Family of Atlanta church deacon who died after struggle with police officer files lawsuit

Former Atlanta Police Officer Kiran Kimbrough's body-worn camera shows the moment he repeatedly tased 62-year-old Johnny Hollman during a dispute over a traffic ticket in August 2023. (Atlanta Police Department/Screenshot)

The family of a church deacon who died after struggling with an Atlanta police officer following a minor car crash sued the city, the officer and the police chief on Thursday.

Officer Kiran Kimbrough used excessive force while trying to get 62-year-old Johnny Hollman to sign a citation finding him at fault for the crash, violating his constitutional rights, the lawsuit filed in U.S. District Court alleges.

Body camera video of Hollman’s Aug. 10 arrest shows Kimbrough shocked him with a stun gun after he repeatedly said he could not breathe. An autopsy determined Hollman’s death was a homicide, with heart disease also a contributing factor.

An attorney for the family said at a news conference announcing the lawsuit that Police Chief Darin Schierbaum, Mayor Andrew Dickens and other city officials were also responsible for Hollman’s death.

“While they did not stand over the top of Deacon Hollman as he took his last breath, they were there because they created the culture that allowed this officer to believe that his conduct would go unpunished,” attorney Mawuli Davis said.

The suit seeks unspecified punitive damages and other compensation.

An attorney for Kimbrough, Lance LoRusso, did not immediately respond to an email and text message seeking comment. He has previously said Hollman resisted arrest and Kimbrough acted lawfully when he deployed his stun gun and used force.

Police and the mayor’s office declined to comment, saying they do not do so with pending litigation. A spokesperson for Dickens, however, said via email that the Hollman family remains in the mayor’s prayers.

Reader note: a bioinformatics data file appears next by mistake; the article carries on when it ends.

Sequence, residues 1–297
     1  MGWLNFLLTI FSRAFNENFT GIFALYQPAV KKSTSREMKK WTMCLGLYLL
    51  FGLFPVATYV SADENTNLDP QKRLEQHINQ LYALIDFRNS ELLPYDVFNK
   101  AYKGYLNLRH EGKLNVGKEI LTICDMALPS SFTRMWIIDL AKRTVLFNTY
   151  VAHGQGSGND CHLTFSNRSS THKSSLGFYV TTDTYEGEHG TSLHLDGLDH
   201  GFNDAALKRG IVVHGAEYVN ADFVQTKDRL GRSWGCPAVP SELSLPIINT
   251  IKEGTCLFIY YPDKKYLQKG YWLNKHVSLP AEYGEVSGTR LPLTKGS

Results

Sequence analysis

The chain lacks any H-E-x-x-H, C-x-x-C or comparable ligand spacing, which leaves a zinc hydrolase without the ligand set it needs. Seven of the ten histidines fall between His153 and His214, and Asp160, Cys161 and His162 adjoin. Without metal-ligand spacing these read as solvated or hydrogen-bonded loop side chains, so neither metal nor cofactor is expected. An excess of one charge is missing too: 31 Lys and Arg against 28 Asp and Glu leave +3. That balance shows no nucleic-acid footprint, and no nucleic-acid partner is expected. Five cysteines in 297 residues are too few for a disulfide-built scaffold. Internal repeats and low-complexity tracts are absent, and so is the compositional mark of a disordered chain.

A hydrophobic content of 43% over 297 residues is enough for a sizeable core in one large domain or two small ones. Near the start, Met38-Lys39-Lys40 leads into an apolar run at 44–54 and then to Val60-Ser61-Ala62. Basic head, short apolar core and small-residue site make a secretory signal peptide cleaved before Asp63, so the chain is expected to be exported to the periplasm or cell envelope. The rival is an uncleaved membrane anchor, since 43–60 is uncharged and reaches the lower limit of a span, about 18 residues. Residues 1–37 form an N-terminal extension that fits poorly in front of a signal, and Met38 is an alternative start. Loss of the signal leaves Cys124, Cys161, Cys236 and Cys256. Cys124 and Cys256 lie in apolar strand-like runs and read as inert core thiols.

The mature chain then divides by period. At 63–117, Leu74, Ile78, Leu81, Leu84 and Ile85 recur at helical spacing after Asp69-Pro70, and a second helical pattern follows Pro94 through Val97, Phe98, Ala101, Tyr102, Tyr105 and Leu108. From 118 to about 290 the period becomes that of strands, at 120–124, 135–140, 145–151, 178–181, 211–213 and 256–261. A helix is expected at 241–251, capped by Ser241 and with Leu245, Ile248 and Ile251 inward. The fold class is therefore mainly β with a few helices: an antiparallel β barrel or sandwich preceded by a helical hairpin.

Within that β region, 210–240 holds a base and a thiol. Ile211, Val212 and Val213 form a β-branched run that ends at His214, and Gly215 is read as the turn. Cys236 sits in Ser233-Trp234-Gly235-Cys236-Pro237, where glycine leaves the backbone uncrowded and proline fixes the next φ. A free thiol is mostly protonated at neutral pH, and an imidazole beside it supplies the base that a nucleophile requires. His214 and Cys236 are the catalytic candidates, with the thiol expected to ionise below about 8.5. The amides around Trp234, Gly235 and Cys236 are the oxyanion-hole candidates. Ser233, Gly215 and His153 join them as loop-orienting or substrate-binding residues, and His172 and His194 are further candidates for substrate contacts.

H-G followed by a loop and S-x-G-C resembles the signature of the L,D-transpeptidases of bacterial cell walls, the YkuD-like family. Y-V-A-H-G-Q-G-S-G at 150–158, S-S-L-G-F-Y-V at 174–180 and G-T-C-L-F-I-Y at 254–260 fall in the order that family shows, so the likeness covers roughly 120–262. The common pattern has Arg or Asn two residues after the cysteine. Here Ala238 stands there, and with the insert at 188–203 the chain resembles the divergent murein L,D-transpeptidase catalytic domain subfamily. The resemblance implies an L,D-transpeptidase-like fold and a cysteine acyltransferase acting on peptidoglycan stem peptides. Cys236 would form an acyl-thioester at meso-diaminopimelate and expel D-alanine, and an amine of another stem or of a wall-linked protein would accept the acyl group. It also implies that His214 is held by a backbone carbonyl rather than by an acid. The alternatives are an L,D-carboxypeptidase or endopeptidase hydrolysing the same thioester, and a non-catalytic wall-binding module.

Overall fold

The spokesperson also noted that the mayor ordered a review of police procedures and training following Hollman’s death, which has led to a new policy allowing officers to write “refusal to sign” on traffic citations rather than arresting someone.

Relatives say Hollman was driving home from Bible study at his daughter’s house and taking dinner to his wife when he collided with another vehicle while turning across a busy street just west of downtown.

In the body camera video released in November, Kimbrough repeatedly demands that Hollman sign the citation, but Hollman insists he did nothing wrong. The two men begin to tussle.

Hollman ends up on the ground. He repeatedly says “I can’t breathe,” and Kimbrough uses a Taser to shock him. Hollman becomes unresponsive.

He was later declared dead at a hospital.

Kimbrough was fired Oct. 10 after Schierbaum said he violated department policy by not waiting for a supervisor to arrive before arresting Hollman.

Hollman’s family has also sued a tow truck driver who assisted Kimbrough and has called on prosecutors to charge the officer with murder.

The Fulton County district attorney’s office is reviewing the case to determine whether criminal charges are appropriate and “will make a decision based on the evidence,” spokesperson Jeff DiSantis said Thursday.

Arnitra Hollman, Hollman’s daughter, said she was on the phone with him during the encounter with Kimbrough.

“It’s not a day go by that I don’t hear his voice in my head,” she said, choking back tears. “Imagine listening to your father begging and pleading for help. Imagine hearing your father saying they can’t breathe.”